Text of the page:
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Saturday, October 29, 2016

Galileo Mystery Solved. Should All Flight Directors be Required to Pass a Psychological Exam. Evidence that Crews May be at Risk.


Three Seconds Before Panic Set In
      Let's be honest, any news involving the USS Galileo at the Christa McAuliffe Space Education Center in Pleasant Grove is welcome. This little simulator, once the brunt of many jokes told by the pre-remodel old time staff late into the night during the overnight missions, sits forlorn and lonely several paces away from the cluster of other simulators inside Central School.  To even find it, one must turn left inside of the normal right upon entering the school. 
     Bread is kept in the front lobby for Galileo crew use. A sign reads "The Galileo can be hard to find so please leave a trail of breadcrumbs as you embark on your trek through the hallways looking for this illusive ship hidden deep within the forest of upright tables and discarded cardboard boxes - the remains of field trip lunch containers.  If you get lost, follows the crumbs back to the lobby and wait for a guide - recognizable by his or her flashlight, pistol, rope, field glasses, and hardhat.
      Last Saturday I easily found the Galileo, not because I know Central School inside and out after spending 34 years wandering its halls and sleeping on its floors.  The ship was found in seconds by following the shrieks of the Space Center staff.  



     Apparently someone had walked away with the Galileo's Control Area.  
     "What shall we do?" Ian wailed.  
     "Think of poor Erin. She can't direct a mission without a control room," Lindsey sobbed.
     Mason, our resident Time Lord, was no help in solving the mystery. He was as perplexed as the rest; although he did offer to zip to the past to see the disappearance in person.  Tyler's hand went straight to his forehead, something he does when stressed, which makes flight directing particularly difficult because once there, the hand stays until he calms down or takes one of his pills.  Odyssey Set Director Natalie's expression was easily seen through by someone who recognizes a fraud from a mile away.  It was my opinion that she, along with her sidekick Orion (struggling to keep a smile at bay), were guilty of the crime. Get rid of a control room, you shut down a ship. The Odyssey and Galileo have always been bitter rivals for crew affection.  I believed Natalie had had enough and took matters into her own hands.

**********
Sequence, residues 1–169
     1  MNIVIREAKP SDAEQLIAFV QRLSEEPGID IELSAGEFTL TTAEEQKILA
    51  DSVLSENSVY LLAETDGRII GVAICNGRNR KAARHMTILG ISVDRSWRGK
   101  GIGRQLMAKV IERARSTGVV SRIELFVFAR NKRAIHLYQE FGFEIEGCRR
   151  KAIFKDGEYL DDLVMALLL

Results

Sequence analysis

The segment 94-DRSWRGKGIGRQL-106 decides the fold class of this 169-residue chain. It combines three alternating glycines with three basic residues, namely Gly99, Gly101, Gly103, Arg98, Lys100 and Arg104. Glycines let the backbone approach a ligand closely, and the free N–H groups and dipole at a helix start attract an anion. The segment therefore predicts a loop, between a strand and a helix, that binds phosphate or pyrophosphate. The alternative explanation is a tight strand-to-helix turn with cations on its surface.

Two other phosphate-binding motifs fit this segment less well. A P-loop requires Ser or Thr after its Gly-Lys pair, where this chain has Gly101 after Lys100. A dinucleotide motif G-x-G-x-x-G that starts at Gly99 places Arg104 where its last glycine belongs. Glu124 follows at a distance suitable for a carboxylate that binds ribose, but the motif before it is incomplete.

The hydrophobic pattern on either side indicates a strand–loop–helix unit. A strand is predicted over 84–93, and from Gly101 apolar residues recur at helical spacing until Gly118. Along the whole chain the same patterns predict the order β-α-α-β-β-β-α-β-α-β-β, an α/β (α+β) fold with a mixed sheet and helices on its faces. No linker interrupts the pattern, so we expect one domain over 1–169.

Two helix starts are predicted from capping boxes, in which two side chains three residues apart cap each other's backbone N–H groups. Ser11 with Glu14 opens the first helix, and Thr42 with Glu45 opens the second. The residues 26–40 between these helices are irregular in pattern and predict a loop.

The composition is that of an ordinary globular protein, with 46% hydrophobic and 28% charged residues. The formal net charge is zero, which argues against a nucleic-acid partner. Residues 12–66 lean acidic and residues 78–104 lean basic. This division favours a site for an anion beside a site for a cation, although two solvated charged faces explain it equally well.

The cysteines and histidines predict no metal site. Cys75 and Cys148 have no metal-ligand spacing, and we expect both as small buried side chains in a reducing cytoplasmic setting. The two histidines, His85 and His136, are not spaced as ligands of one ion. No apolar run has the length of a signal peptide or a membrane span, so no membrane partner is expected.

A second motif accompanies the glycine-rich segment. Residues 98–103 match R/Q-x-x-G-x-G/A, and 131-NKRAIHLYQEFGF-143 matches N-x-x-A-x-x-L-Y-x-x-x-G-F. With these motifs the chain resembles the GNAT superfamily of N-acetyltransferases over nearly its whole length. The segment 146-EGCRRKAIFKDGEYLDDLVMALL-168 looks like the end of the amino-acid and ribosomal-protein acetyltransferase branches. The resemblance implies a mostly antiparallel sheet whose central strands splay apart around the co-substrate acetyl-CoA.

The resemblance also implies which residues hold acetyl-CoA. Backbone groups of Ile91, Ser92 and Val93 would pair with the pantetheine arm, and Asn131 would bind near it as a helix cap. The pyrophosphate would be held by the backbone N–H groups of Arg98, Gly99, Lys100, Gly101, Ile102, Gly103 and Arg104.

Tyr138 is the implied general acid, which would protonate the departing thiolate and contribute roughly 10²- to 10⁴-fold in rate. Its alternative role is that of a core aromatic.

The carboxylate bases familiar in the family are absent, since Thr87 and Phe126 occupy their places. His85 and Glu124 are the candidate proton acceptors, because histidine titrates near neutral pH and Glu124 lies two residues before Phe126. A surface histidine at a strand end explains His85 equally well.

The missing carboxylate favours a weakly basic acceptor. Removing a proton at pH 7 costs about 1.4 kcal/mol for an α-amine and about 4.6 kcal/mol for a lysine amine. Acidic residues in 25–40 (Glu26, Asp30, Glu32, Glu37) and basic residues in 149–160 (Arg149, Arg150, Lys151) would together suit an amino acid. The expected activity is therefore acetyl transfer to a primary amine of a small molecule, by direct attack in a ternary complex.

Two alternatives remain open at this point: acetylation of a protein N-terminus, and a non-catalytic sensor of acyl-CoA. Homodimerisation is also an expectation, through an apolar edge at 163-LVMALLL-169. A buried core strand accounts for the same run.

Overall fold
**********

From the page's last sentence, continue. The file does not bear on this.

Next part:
Tyler interrupted just as I was vocalizing my accusation.  "Here it is!"


     Apparently someone, most likely the Space Center Director himself, aka Mr. James Porter, moved the control area to the side of the ship.  A brilliant move if you think about it.  The new control area is more secluded from the rest of the cafeteria - making it easier to flight direct field trips during the school's lunch hour.  The move also has something to do with the Galileo's new video system. There are other reasons that I won't bore you with. Let's just say it is something I should have thought of during my reign of terror.     


     Unbeknownst to us, Time Lord Mason slipped away, jumped into his Tardis, ventured into the past and watched Mr. Porter make the move. Security footage from a few days earlier clearly shows him spying on the move and reassembly.  


     Suddenly he reappeared.  "It was Mr. Porter who moved the control area," he reported nearly out of breath from the run through the halls.  
     "We know, we figured it out," the staff answered in eerie unison.  
     "Well that was a wasted trip," he replied feeling quite underappreciated.  "You know, I could jump back to just after the big bang and tinker with a few globs of matter and it's goodbye to the lot of you." He snapped his fingers to drive the point home.  
      "Hold your thrusters, we've got another mystery." Orion stood in the Galileo's entrance pointing to the walls. "There's two beds missing."  


     That little mystery was quickly solved with a glance in the hallway.


     The two missing beds along with part of the control room were waiting to be carted off by the district.  With the beds gone, crews had more room for working.  
     The Galileo, always a work in progress.  

Mr. Williamson

Should All Flight Directors be Required to Pass a Psychological Exam? Evidence that Crews May be at Risk.   

     I hesitate to bring up this topic in polite society, but there are times I question the sanity of flight directors everywhere, not just at the Space Center.  Recently I found something quite disturbing which leads me to believe the answer to that questions is YES!


     If you look closely under the Magellan flight director's screen you'll see a rock.


     A close up of said rock reveals a face with a red bow. Why such a thing is there - set directly in the flight director's view, is another mystery requiring an answer.  
     While being sure the Magellan's expertly trained flight directors are functioning with marbles intact, we see no harm in suggesting a mental health screening for all flight directors systemwide to explore a possible correlation between mission stress and mental illness.  Don't we owe it to them after all the enjoyment they've given us over the years?    

The Troubadour Staff


The Imaginarium

































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